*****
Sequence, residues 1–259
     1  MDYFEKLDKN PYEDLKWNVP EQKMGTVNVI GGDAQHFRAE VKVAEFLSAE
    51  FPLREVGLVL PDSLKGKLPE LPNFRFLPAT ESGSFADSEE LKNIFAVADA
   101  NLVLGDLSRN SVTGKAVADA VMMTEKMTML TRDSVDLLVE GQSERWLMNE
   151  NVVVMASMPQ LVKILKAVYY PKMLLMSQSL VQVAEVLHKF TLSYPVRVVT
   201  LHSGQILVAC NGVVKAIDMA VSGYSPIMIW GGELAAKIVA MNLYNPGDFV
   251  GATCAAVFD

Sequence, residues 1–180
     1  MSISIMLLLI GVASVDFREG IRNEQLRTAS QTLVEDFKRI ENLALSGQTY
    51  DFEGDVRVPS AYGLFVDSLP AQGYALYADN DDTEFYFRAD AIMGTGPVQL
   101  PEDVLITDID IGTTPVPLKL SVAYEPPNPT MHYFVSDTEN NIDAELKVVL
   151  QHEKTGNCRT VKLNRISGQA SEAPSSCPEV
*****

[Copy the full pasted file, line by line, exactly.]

Sequence, residues 1–259
     1  MDYFEKLDKN PYEDLKWNVP EQKMGTVNVI GGDAQHFRAE VKVAEFLSAE
    51  FPLREVGLVL PDSLKGKLPE LPNFRFLPAT ESGSFADSEE LKNIFAVADA
   101  NLVLGDLSRN SVTGKAVADA VMMTEKMTML TRDSVDLLVE GQSERWLMNE
   151  NVVVMASMPQ LVKILKAVYY PKMLLMSQSL VQVAEVLHKF TLSYPVRVVT
   201  LHSGQILVAC NGVVKAIDMA VSGYSPIMIW GGELAAKIVA MNLYNPGDFV
   251  GATCAAVFD

Sequence, residues 1–180
     1  MSISIMLLLI GVASVDFREG IRNEQLRTAS QTLVEDFKRI ENLALSGQTY
    51  DFEGDVRVPS AYGLFVDSLP AQGYALYADN DDTEFYFRAD AIMGTGPVQL
   101  PEDVLITDID IGTTPVPLKL SVAYEPPNPT MHYFVSDTEN NIDAELKVVL
   151  QHEKTGNCRT VKLNRISGQA SEAPSSCPEV